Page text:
Although Britain technically left the EU on January 31, its relationship with the EU remains the same in practice until the end of the transition period, December 31, 2020. This could have been delayed, but the Government did not ask for an extension.
Will the UK leave the EU with a deal?
A no-deal Brexit is the default legal position if the EU and UK cannot come to agree their future relationship, which is considered increasingly likely by several EU nations, who called for no-deal plans to be published by the EU Commission.
On November 19, UK-EU trade talks were temporarily suspended today after a negotiator from Michel Barnier's team tested positive for Covid-19.
On Twitter, David Frost, the UK's chief negotiator, said: "I am in close contact with Michel Barnier about the situation. The health of our teams comes first. I would like to thank the EU Commission for their immediate help and support."
Boris Johnson self-isolated for two weeks from November 16 as an MP, Lee Anderson, tested positive after sitting down with him for a breakfast meeting.
Last Sunday, Lord Frost stoked fears that a 'no-deal' Brexit could be on the cards when he arrived in Brussels for renewed talks, warning “we may not succeed” in securing a Brexit trade deal.
Mr Frost said some progress had been made but there remained “significant” differences between the UK and EU's stances on fishing rights and the level playing field.
The EU wants 50 per cent of the catch in British waters and the UK sticking at 20 per cent.
Simon Coveney, the Irish Foreign Minister, repeated the EU’s warning that it would not ratify any deal unless clauses in the Internal Market Bill overriding the Brexit divorce terms were dropped, although he also suggested that issue will “disappear” if there is a wider trade deal.
A deal must be struck well before the new year if it is to be be ratified in time.
What will happen on Brexit Day if there is no deal?
The leak of Yellowhammer – Whitehall code for preparations for no deal – laid bare civil servants’ concerns about the impact of a no-deal without adequate planning. This plan was for a full no-deal, which was averted by the signing of the Withdrawal Agreement earlier this year.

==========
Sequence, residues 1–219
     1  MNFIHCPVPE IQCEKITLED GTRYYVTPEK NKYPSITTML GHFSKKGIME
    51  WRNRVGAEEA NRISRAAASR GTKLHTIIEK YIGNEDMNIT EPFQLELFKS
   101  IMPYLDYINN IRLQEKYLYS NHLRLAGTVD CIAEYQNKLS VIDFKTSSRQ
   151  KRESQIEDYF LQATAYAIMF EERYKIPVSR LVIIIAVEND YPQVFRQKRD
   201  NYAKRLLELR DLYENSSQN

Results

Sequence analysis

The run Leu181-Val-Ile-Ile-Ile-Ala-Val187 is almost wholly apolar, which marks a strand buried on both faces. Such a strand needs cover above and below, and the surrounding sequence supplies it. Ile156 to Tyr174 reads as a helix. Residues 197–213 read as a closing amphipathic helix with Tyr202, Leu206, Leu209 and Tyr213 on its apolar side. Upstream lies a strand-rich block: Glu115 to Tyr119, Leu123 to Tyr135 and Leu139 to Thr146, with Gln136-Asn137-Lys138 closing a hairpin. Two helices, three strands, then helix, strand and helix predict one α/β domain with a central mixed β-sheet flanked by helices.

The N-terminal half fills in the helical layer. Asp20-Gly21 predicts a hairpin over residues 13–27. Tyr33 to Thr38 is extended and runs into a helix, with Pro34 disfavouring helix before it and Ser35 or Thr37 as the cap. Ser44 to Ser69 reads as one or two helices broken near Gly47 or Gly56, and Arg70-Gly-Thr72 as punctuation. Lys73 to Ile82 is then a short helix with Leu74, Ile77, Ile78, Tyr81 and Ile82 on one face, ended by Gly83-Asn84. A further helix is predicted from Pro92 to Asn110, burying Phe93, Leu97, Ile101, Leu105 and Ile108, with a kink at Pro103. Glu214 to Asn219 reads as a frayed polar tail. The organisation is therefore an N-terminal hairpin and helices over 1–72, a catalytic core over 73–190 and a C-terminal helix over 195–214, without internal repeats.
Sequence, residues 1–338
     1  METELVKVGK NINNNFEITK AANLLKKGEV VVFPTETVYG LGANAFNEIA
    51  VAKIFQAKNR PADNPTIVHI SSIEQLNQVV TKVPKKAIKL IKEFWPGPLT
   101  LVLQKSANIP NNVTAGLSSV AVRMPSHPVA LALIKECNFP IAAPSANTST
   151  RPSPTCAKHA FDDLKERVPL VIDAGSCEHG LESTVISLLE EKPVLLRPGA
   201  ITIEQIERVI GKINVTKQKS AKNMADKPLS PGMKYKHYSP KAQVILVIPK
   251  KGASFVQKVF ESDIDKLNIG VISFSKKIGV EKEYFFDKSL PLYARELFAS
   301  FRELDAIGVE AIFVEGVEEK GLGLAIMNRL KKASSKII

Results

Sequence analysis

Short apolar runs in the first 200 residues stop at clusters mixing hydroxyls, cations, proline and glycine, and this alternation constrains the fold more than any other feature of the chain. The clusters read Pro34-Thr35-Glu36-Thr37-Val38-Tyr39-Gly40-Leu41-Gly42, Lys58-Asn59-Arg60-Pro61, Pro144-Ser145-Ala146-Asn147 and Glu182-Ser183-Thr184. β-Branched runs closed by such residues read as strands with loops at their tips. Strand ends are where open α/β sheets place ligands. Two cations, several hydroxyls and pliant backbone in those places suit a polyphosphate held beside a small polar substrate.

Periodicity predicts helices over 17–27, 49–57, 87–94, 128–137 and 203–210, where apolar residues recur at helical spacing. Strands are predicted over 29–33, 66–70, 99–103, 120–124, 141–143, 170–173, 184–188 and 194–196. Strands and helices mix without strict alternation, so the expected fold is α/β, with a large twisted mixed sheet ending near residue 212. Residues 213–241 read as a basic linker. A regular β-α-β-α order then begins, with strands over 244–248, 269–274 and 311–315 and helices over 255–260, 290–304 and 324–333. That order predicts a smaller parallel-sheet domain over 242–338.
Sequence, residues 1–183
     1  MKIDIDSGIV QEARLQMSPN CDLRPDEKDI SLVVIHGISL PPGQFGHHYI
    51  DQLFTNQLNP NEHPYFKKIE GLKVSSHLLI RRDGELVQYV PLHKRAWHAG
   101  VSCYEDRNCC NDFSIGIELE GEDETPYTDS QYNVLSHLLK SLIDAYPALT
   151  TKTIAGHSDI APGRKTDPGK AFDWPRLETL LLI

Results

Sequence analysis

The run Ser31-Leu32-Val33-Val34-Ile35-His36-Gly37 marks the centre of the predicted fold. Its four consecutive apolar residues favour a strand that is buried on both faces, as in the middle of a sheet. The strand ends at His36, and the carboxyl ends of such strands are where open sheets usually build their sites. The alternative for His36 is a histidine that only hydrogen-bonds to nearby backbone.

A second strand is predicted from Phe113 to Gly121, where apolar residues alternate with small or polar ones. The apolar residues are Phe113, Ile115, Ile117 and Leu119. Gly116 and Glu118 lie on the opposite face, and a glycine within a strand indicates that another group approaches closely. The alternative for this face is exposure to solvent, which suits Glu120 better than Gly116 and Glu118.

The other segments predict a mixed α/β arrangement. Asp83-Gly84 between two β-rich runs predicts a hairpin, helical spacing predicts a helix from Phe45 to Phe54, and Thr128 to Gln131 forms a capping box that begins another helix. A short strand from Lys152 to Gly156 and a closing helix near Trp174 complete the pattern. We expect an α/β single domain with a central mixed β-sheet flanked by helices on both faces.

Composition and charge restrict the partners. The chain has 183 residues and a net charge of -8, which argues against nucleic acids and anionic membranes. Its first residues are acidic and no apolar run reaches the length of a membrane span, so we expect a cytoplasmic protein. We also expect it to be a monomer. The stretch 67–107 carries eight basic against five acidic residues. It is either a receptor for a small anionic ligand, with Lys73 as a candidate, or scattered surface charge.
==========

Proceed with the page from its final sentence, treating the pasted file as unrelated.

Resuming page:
Yellowhammer disclosed that the UK would be hit by a three-month "meltdown" at its ports, a hard Irish border and shortages of fresh food and medicine after it leaves leaves the bloc.
While some aspects of the report will no longer be relevant, a failure to secure a trade deal could still lead to chaos at Britain's borders. A lack of a deal would mean Britain being treated as any other "third country" by the EU, which would mean tariffs and quotas on UK exports to the EU. This would hit agricultural and car exports especially hard.
Michael Gove, the man charged with no-deal preparations, has instigated a plan for lorries to require permits to enter Kent to prevent them queueing at the border. He has warned of thousands of haulage vehicles without proper export documents getting stuck in the county.
The House of Lords’ overwhelming vote against the controversial Internal Market Bill on 9th November is yet another problem in the road up to Brexit, as Boris Johnson was voted against by 433 to 165. The bill, which would allow the UK to renege on its obligations in the Withdrawal Agreement, unanimously voted against by the Lords, who labelled the legislation as ‘Trump-like’.
However, despite this opposition, the government has said it would reinstate the changes to the bill when it returns to the House of Commons next month. This is just weeks before the UK is set to leave the EU entirely.
What would happen after the UK leaves the EU with no deal?
How small businesses can prepare for no-deal
What no-deal would mean for your personal finances
What will happen to house prices?
Could there be another delay to Brexit?
Legally speaking another extension could happen if all EU countries, including the UK, agree to it. However, the deadline for an extension has passed and the UK Government is determined not to have one.
Now, with less than one month until the UK leaves the EU for good, it is highly unlikely that we will see a delay, as doing so late in the day would be legally, technically and politically very difficult.